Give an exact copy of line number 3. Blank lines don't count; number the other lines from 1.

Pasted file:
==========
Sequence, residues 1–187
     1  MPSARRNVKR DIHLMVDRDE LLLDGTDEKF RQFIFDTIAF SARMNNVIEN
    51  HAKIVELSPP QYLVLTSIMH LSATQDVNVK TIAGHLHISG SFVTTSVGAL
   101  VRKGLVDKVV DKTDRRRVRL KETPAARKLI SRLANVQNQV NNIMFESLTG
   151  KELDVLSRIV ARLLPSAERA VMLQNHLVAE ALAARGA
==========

    51  HAKIVELSPP QYLVLTSIMH LSATQDVNVK TIAGHLHISG SFVTTSVGAL